9. The Dot Com Disclosures do not change any of the requirements with regard to testimonials and endorsements used in advertising. When companies use third parties to share their message, through testimonials or endorsements, the FTC’s Endorsement Guides offer helpful information. The Dot Com Disclosures not only addresses additional situations with regard to marketing, sales and advertising in the mobile and online space, but it acts to clarify they types of disclosures that are required when the internet or mobile platforms are used. The disclosure requirement for bloggers, spokespeople, brand ambassadors, and other third-parties (like celebrities) remain the same.

While this update to the Dot Com Disclosures now incorporates technology that did not exit when the prior version was created, we don’t see many radical changes. These disclosures relate to online and mobile-technology communication with consumers that could lead to a buying decision. And while much of the focus is on the consumer protection aspect of these new Dot Com Disclosures, what is equally important is that compliance is also a tool which allows marketers and sellers to compete in a marketplace free of deception or unfair trade practices.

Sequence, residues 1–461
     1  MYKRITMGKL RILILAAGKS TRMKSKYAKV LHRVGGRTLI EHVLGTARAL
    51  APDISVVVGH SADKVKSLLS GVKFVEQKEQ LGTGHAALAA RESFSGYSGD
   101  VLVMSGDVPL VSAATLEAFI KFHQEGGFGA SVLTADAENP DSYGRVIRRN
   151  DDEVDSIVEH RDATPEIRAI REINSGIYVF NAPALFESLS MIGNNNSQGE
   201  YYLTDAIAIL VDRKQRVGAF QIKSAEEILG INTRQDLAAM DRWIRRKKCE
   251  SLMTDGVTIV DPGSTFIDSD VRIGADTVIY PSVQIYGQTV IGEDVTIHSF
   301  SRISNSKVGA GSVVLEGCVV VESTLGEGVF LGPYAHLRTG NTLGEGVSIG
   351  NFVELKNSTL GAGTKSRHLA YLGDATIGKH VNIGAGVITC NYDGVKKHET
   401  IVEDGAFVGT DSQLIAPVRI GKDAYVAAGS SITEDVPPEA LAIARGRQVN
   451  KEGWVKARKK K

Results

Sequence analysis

Who should use the Dot Com Disclosures? This guide should be used by brands, entrepreneurs, small businesses, PR companies, marketing strategists, online professionals, social media consultants and strategists as well as bloggers and others who use social media in conjunction with promoting a product or service to the consuming public. Non-compliance with this new update won’t bring a fine or a reprimand from the FTC. However, since these disclosures are a guide as to how the FTC will determine and evaluate unfair and deceptive trade practices which violate underlying laws it would not be wise to disregard them. The FTC is attempting to offer insight and transparency into what they look at in determining what consumer protection matters they will pursue. While it may not be exacting or crystal clear, it is an important tool to consider when making consumer focused marketing, advertising and sales decisions.

What are your thoughts about the 2013 FTC Dot Com Disclosures? Are you confused about what you have to do? Has the FTC gone too far? Are you mad because you disclose and others don’t?

For other articles about the legal implications of being online, check out my legal blog.